After Robotics - What Next?
To many, robotics may appear to be a next generation anomaly, with frighteningly lifelike images of The Terminator and I-Robot featuring only on the silver screen. The fact of the matter is robots have been part and parcel of innovative industrial engineering solutions since the 1960’s, when General Motors first introduced its rather primitive Unimate robot to the assembly line.
Notwithstanding technological and scientific advancements, particularly in the field of Information Technology; the science of robots, or robotic engineering, has remained static.
Machine design and tool making integrated with IT
Over the past 40 years the only real advancements in intelligent manufacturing processes have concentrated on the integration of machine design and tool making with computers and computer software as is evident with CNC machines, computer-aided design (CAD), computer-aided manufacturing (CAM) and automated handling equipment.
Although awesome machines with distinctly humanoid characteristics have been designed and built by mechanical, electrical and computer engineers, none of them have reached their full potential simply because they are so incredibly difficult to teach.
Despite the design sophistication of these ‘metallic beasts’, it still takes a specialist technician to program their every move down to the finest detail. The biggest challenge in the future will undoubtedly have to be made by software engineers who will have to conceptualise artificial intelligence that works.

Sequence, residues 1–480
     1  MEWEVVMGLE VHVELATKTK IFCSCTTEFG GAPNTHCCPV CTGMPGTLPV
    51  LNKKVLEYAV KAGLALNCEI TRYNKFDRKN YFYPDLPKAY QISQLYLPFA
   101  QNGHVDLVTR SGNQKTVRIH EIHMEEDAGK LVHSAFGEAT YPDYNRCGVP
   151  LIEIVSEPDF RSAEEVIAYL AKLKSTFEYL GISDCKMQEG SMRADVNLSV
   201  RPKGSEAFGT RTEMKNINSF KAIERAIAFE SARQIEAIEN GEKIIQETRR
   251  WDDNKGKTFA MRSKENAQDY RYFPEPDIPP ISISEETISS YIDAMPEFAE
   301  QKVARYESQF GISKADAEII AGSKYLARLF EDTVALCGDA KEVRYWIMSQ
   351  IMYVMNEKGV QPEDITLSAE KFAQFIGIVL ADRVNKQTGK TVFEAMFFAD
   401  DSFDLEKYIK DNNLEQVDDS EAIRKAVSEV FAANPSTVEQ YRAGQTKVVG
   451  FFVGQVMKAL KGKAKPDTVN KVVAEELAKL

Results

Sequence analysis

Advanced robotics and intelligent automation
The next big thing after robotics is simply advanced robotics and intelligent automation where software engineers will have to brainstorm design strategies that will give robots the capabilities of mobility and autonomy, thereby enabling them to physically interact with the environment, achieve tasks without having to be fully pre-programmed with a precise set of actions and to perform tasks intimately with humans.
This, in turn, will enable manufacturers to respond to market challenges in a more streamlined and cost effective way. The aim of next generation robotics and intelligent automation systems is to provide unique levels of accuracy, precision, speed, agility and flexibility in the production process, affording manufactures with enhanced competitiveness and profitability.
Brain computer interface
Expert robotic engineers are currently working on technologies capable of controlling a robot directly from the human mind. Brain Computer Interface (BCI) is already experiencing success in the medical field where it is used to restore or repair lost sight and hearing as well as human cognitive and sensory-motor functions.
If manufactures are to remain competitive in our fast changing world, they will need to embrace advanced robotics and intelligent automation systems into their production processes. The good news is industrial engineers, together with mechanical, software, computer and electrical engineers, are on top of the challenge and are working hard to create a robot that has the capability of human intelligence!
Optimise your manufacturing process with advanced solutions
To optimise your manufacturing process in the plastic production industry contact specialist industrial engineers, Hans von der Heyde, who will conceptualise, design and implement new generation automation solutions, machine design and tool making that will give you the competitive edge!